The simple definition of treasure is “to value something very much”
By Hannah Richardson, Lifestyle Editor
The Natchitoches Treasures for 2019 were honored during a recognition ceremony Friday, Oct. 25 at the Natchitoches Events Center. Since 2008, a selected few that have made a lasting contribution of generosity in the community are nominated as Natchitoches Treasures. This year, the Natchitoches Treasures are Johnnie Emmons, Jack McCain Jr., John Dale Ropp and Cynthia Sutton.
“This year, we had an overwhelming response to our call for nominations for Natchitoches Treasures, all of whom had varying distinctions and shining qualities,” said speaker Louie Bernard, who introduced the four Natchitoches Treasures.
Emmons, who is still considered one of Northwestern State’s greatest athletes and one of the most iconic athletic figures, grew up in Mansfield and earned his college degree at NSU. He was a football and baseball star, as well as a competitor in field and track. Emmons holds several athletic records at the school to this day and is also part of the N-Club Hall of Fame and went on to coach at the school some time after graduation, and still loves to support the athletics well after his retirement. He is an active member of Trinity Episcopal Church and the Walter P. Ledet Coffee Club. His son, Johnnie Emmons Jr., who accepted the award, said it was such an honor to his father to be named a Natchitoches Treasure.
McCain has provided a lifetime of service to the city. He has worked to make Natchitoches a better place to live by serving on the City Council for 24 years, from 1988-2012. He was named Man of the Year by the Chamber of Commerce in 1983, and became its president that following year. He also served with the Natchitoches Council on Aging Board, the 911 Board and the Airport Commission Board. “I have had some adversity in my life, but this is one of my crowing achievements to get this award. I appreciate it very much,” said McCain.
Ropp has received numerous service awards and is well known for his poetry, having published several books. He enjoys entertaining with his ventriloquism at several group meetings in the community, including nursing homes, assisted living facilities, hospitals, church groups and schools. Ropp also coached at several different school levels and was also named to the Bossier High School Hall of Fame and the NSU N-Club Hall of Fame. Ropp said after he was named a Treasure, he looked up what it means to be a “treasure” online. After reading the definition of “someone who is very much valued,” he said he preferred to read that definition backwards. “The City of Natchitoches and the citizens of Natchitoches are very much valued to me,” he said, and delighted the crowd with two poems.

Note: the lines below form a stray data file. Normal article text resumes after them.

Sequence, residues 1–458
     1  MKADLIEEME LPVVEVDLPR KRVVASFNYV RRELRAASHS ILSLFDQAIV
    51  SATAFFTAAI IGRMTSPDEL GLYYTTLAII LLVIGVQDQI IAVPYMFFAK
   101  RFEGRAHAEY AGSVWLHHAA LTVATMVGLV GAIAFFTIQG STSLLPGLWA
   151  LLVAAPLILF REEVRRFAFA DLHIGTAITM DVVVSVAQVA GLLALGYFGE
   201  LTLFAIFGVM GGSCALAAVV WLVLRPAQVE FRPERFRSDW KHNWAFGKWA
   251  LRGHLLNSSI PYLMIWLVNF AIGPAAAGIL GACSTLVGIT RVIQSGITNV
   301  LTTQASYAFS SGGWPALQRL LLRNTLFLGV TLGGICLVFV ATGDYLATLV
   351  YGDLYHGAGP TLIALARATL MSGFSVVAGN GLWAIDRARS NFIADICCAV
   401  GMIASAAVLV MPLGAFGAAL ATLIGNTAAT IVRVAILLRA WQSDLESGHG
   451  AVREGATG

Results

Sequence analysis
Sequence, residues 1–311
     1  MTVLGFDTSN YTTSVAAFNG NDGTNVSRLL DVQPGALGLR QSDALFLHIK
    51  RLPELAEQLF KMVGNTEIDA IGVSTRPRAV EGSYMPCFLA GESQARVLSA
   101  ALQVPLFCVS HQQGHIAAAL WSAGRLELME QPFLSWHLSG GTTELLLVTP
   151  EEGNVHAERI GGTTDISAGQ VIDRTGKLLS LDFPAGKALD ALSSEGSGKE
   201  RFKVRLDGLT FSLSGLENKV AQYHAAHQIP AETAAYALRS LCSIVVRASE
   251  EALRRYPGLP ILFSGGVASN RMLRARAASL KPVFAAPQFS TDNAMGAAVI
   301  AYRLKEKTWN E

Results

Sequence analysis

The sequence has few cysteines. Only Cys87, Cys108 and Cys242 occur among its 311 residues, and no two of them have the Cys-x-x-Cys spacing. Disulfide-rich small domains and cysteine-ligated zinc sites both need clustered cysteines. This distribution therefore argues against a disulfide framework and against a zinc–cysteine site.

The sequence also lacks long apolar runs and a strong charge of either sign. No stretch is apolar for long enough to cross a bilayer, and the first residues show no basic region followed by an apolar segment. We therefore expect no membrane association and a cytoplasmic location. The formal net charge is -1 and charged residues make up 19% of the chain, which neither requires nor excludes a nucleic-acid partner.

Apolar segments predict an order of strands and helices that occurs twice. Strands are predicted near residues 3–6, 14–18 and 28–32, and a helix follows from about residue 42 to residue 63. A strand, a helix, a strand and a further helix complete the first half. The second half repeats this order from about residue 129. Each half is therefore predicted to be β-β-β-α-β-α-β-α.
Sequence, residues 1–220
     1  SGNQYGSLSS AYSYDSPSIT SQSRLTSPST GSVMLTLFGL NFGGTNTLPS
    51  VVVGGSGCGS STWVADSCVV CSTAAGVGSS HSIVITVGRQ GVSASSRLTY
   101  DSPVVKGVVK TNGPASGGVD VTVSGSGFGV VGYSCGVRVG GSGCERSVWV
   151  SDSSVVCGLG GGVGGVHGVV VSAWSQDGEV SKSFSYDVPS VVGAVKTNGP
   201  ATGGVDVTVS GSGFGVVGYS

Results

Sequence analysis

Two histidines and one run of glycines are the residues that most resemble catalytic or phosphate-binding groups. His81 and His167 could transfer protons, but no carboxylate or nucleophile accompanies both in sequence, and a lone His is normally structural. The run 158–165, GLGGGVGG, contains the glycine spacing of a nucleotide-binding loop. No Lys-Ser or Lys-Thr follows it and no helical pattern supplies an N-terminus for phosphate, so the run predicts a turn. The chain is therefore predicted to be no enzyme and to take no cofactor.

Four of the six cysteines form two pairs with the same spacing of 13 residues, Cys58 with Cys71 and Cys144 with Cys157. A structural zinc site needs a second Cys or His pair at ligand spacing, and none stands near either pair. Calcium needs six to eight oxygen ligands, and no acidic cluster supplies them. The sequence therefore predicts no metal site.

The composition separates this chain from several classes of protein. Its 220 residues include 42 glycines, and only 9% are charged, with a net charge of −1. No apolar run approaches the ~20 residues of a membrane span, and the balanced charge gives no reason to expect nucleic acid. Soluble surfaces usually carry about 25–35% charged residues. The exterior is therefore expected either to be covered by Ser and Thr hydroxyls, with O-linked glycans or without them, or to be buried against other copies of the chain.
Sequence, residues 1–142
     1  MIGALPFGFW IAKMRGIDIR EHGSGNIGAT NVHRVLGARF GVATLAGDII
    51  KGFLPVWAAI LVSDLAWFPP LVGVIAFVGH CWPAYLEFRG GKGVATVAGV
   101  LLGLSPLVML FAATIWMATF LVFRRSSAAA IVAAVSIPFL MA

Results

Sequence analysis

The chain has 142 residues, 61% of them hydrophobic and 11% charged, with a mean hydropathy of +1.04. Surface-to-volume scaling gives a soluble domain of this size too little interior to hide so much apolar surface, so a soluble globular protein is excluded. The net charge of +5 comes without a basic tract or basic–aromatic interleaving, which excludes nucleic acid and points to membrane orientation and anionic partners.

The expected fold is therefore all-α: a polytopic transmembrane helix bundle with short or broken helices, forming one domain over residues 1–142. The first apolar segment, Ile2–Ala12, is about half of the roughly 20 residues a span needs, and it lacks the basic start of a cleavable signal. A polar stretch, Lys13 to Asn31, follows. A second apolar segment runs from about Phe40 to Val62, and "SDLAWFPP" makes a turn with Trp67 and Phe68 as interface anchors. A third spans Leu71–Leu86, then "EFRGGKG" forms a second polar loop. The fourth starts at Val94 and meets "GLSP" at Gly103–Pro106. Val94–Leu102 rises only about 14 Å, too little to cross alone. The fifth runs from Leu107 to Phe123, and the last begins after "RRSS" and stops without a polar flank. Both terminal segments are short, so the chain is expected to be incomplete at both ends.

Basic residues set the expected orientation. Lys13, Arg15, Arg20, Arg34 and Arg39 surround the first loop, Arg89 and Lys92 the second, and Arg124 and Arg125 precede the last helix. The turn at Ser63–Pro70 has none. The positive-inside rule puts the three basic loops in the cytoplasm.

Sutton, who passed away in July, was a retired president and CEO of the Cane River National Heritage Area Inc. She was a passionate advocate for the regions’ people and their diverse cultural traditions during her time with the CRNHA. She helped to create partnerships with the U.S. Army Corps of Engineers and the Louisiana State Parks System that allowed the Grand Ecore Visitor Theater and the Los Adaes State Historic Site to remain open to the public, and was an advocate for the creation of new parks in the area for all Natchitoches children. Sutton was a partner in the Natchitoches Riverbank Redevelopment Project and was a guide to ensure the project kept with the historic character of the city. She also served as the chair for the Natchitoches Tricentennial Commission from 2012-16 as the city celebrated 300 years. Sutton was involved with the Natchitoches Historic Foundation, the Association for the Preservation of Historic Natchitoches and the Natchitoches Historic District Development Commission. Executive Director of the CRNHA Rebecca Blankenbaker, who accepted the award on Suttons behalf, said Sutton was her mentor and a friend. “She was a passionate advocate not only for the city’s history, but for its living culture traditions and she has passed that on in our organization, community partners and our friends,” said Blankenbaker.
A touching tribute to the late Carol Wells, a 2014 Natchitoches Treasure, was also made. The vibrant red spider lilies that you may have seen in several areas in town were especially beautiful in front of Wells’ home, the Tauzin-Wells House built in 1776. Sharon Gahagan called local photographer Chris Post, who took photographs of the spider lilies in front of the historic home. Gahagan presented one of the photos to Mayor Lee Posey in honor and memory of “a true treasure – Carol Wells.”
There is also a tribute to all Natchitoches Treasures in the hall of the Events Center, where anyone can view their names in frames along the wall.